Allen’s generosity to Tufts, Tufts students, and the Physics-Astronomy Department did not end with his retirement. In the past few years he made substantial financial donations to secure the future of the Institute of Cosmology and endow a room in the department’s new home at 574 Boston Ave. With characteristic humility, Allen insisted that both of these contributions be in the name of his late colleague Allan Cormack.

May 12, 2016 – Mitchell Black Receives Prestigious NCAA Award

03/02/2016 - Medford/Somerville, Mass. - Men's track and field sportraits on March 2, 2016. (Alonso Nichols/Tufts University)

Senior astrophysics major Mitchell Black was one of only two students in the country to be honored with the NCAA’s 2016 Walter Byers Postgraduate Scholarship, which recognizes student-athletes for outstanding academic achievement and the potential for success in postgraduate study. He is a a three-time national track champion in the 800 meters and a double major at Tufts in mechanical engineering and astrophysics. Please join us in congratulating him on  this honor. Read more about Mitchell and his award here.



May 5, 2016 – Sigma Pi Sigma Honor Society Induction

On May 5, 2016, we welcomed the following new inductees into Sigma Pi Sigma, the Physics Honor 2016SigmaPiSigmaSociety:

Mitchell Black
Tyler Chen
Erin Fong
Daniel Garfield
Mukesh Ghimire
Jake Hellman
Anastasia Korolov
Andrew Mascioli
Zachary Pagel
Freddy Saia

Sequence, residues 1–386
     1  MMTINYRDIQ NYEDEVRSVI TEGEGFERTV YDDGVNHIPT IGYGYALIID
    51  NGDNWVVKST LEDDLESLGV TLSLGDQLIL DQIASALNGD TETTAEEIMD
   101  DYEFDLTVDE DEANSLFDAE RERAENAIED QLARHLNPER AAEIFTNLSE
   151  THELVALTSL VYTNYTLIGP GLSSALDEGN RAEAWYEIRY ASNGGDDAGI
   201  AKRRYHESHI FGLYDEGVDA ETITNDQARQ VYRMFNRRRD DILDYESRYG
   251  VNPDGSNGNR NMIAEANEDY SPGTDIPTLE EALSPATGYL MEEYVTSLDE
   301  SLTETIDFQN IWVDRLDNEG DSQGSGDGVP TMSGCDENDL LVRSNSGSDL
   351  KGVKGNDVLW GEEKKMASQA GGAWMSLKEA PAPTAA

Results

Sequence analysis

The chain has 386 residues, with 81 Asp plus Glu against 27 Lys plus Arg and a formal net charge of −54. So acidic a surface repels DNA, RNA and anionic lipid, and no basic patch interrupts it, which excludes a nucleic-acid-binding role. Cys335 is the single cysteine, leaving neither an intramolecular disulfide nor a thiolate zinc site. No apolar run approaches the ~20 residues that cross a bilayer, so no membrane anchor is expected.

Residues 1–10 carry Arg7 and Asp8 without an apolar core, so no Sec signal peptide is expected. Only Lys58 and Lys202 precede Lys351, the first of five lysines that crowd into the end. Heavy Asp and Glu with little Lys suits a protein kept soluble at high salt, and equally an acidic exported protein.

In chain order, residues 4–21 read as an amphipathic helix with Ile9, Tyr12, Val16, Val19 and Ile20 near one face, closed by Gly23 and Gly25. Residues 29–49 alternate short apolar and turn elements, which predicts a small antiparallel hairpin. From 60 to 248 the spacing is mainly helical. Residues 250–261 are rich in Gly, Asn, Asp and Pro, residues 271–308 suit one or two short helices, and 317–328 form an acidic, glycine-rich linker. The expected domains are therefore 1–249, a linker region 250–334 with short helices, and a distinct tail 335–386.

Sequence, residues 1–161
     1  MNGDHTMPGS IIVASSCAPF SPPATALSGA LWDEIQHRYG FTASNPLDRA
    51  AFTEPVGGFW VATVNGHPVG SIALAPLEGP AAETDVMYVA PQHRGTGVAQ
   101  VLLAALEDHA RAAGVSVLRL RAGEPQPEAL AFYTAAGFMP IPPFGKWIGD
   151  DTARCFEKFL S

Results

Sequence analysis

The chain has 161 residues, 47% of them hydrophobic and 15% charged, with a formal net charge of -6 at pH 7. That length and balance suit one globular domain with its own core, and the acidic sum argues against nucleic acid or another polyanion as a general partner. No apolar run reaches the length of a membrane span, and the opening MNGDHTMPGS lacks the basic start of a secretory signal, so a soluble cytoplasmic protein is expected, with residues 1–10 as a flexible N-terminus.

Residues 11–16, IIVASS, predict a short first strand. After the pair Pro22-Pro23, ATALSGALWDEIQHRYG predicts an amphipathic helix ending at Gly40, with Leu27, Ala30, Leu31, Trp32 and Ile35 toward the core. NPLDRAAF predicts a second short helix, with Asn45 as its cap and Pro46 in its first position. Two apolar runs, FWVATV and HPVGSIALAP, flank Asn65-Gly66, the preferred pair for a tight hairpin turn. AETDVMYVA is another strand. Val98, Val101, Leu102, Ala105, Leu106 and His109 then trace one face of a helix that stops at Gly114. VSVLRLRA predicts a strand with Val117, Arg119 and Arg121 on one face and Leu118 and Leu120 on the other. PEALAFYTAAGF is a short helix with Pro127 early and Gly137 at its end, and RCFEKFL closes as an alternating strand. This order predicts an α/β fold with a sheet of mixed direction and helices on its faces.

We were joined by some of last year’s Sigma Pi Sigma inductees and department faculty. Please join us in congratulating this year’s inductees on their academic accomplishments!


April 29, 2016 – Meg Urry’s McCarthy Lecture on Supermassive Black Holes Featured in Tufts Daily

Professor Meg Urry gave the McCarthy Lecture on April 28, 2016. Her talk on “Supermassive Black Hole Growth Over the Past 12 Billion Years” was featured in the Tufts Daily. Read more about it here:


April 11, 2016 – Physics & Astronomy Undergraduates Receive Honors

We are pleased to announce that the following undergraduate students have received physics and astronomy related awards and honors this commencement season:

Mitchell Black: Frederick Melvin Ellis Prize

Julia Fowler: Pride On The Hill Award

Mukseh Ghimire: Class of 1942 Prize Scholarship

Erin Kado-Fong: Class of 1947 Victor Prather Prize

Matthew Peterson: Benjamin G. Brown Scholarship

Jackson Burzynski: The Amos Emerson Dolbear Scholarship

Daniel Norman: The N. Hobbs Knight Prize Scholarship in Physics

Ian Hunter: The N. Hobbs Knight Prize Scholarship in Physics

In addition, the following students are this year’s recipients of the Howard Sample Prize Scholarship in Physics:

Richard Preston

Ipek Emekli

Kevin Halliday

Robert Hrabchak

Lukas Mathison

Amit Patel

Adam Rayfield

Danielle Skufca

Joshua White

Kevin Halliday

Samuel Nave

Please join us in congratulating all of our award winners!

March 31, 2016 – Chris Burke Receives Graduate Student Award

We are pleased to announce that graduate student Chris Burke has been selected to receive the Graduate School of Arts & Sciences “Outstanding Contribution to Undergraduate Education” Award. This award recognizes Chris’ excellence in teaching and mentoring undergraduates.